Shortly after the contest started I ran into the exact same problem you've described. Very early on while still in the back-of-the-napkin estimation phase I realized that using any kind of database whatsoever was completely out of the question since I don't have access to a supercomputer to even be able to store the entire matrix in memory all at once. The data is not exactly relational--since it's just one giant, flat matrix all you're basically doing is counting. But to run any common statistical algorithms(lifted verbatim from "Numerical Recipes in C") requires an overwhelming number of multiplications and passes over the entire dataset, so any disk swapping(such as using mmap) would impose way too large of a time constraint. The matrix is extremely sparse--something like 99.99% empty.
in reply to Netflix (or on handling large amounts of data efficiently in perl)
So I dropped down to C via XS and serialized the data to disk as raw binary files using the Compressed Column Storage algorithm, packing ints and doubles. I then put the binary files on Amazon's S3, and launched a few EC2 instances to handle separate chunks of the data files.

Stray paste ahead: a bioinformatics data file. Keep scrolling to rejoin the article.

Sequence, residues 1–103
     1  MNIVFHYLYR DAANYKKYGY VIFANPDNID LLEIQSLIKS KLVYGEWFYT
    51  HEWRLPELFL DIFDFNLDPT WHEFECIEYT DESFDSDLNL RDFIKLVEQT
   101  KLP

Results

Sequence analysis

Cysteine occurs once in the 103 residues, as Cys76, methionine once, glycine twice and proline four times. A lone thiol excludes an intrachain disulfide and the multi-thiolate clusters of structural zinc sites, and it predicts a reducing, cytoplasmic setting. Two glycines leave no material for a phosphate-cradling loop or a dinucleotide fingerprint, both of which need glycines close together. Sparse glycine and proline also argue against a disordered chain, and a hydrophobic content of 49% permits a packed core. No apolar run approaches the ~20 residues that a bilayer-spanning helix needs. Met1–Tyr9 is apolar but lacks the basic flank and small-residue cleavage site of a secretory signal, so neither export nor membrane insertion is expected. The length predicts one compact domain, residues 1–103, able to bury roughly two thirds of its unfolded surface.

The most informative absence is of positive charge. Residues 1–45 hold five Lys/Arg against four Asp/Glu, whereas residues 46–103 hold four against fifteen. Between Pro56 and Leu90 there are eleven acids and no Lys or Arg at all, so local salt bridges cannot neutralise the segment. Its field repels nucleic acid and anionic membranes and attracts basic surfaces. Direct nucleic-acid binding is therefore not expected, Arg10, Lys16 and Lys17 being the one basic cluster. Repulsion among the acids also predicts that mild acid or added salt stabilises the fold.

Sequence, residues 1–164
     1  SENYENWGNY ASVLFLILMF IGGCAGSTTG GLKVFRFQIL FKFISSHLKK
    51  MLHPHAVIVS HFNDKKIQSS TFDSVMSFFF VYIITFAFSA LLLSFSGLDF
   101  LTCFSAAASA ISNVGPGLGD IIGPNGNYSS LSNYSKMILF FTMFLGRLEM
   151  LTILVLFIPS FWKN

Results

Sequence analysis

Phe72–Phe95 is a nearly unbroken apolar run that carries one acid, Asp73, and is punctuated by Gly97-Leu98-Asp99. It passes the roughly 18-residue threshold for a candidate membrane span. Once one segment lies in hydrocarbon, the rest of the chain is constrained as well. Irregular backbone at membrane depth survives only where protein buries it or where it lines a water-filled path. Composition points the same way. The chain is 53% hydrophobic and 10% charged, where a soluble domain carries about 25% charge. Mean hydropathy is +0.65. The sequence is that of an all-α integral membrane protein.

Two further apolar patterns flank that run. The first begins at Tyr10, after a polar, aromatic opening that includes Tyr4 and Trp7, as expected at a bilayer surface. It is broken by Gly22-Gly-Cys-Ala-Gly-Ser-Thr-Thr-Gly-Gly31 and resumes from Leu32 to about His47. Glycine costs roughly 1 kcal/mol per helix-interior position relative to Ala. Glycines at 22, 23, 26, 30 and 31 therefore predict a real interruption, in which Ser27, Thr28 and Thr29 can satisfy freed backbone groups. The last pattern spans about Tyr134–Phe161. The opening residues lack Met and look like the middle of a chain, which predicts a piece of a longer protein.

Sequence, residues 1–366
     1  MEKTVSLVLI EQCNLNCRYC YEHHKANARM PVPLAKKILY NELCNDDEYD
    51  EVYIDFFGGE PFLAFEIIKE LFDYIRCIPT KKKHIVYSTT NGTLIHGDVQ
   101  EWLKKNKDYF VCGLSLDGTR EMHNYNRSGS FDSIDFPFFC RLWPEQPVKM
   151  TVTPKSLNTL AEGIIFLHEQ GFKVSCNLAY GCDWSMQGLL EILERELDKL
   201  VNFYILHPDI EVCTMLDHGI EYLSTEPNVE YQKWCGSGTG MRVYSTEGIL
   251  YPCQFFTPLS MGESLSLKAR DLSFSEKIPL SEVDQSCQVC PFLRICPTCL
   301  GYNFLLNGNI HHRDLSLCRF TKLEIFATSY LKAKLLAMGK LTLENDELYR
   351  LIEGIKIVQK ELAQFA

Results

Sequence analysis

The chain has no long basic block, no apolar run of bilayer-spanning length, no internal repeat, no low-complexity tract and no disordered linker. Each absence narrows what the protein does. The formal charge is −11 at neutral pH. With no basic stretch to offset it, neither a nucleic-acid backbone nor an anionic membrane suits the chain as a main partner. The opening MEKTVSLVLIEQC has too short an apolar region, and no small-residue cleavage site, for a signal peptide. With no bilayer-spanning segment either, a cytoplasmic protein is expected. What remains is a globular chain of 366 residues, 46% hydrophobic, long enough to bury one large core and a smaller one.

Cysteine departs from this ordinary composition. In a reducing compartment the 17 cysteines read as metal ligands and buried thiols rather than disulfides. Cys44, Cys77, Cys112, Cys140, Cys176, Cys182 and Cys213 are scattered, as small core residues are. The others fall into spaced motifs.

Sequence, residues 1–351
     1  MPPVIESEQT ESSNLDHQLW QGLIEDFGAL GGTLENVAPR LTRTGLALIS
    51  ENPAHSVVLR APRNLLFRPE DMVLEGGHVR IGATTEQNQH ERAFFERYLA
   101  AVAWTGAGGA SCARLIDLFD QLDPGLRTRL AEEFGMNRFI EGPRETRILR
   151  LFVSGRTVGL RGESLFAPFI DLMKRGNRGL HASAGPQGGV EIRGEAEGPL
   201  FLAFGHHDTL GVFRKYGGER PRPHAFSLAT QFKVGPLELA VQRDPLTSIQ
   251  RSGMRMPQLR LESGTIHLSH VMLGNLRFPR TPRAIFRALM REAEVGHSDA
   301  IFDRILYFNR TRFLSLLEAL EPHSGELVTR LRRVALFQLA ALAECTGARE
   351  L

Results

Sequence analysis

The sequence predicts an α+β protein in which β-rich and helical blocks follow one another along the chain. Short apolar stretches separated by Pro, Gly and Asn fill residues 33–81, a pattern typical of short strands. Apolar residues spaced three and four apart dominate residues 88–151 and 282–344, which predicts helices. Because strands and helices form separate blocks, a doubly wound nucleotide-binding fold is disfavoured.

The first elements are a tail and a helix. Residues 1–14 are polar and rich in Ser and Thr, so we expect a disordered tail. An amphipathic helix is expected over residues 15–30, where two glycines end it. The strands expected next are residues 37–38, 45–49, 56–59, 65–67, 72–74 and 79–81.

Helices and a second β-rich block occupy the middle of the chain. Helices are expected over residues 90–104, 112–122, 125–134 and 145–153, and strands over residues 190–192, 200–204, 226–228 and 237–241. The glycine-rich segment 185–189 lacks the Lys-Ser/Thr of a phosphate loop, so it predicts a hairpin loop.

I thought calculating Pearson's correlation coefficient for every movie against every other movie(ditto for user against every user) might lead to a good result to start with, but completing this calculation would require something like 100 servers running for 70 years(or 1000 for 7 years).
Seeing as this was just an interesting side project to goof around with, I wasn't interested in racking up thousands of dollars in hosting expenses, so I gave up on this approach. It seems that most of the folks on the leaderboard have been using SVD, and I have no idea how they are actually computing this using desktops--maybe I'm missing something obvious. But in all it was a fun learning experience--I had no idea it would end up being so complex along the way.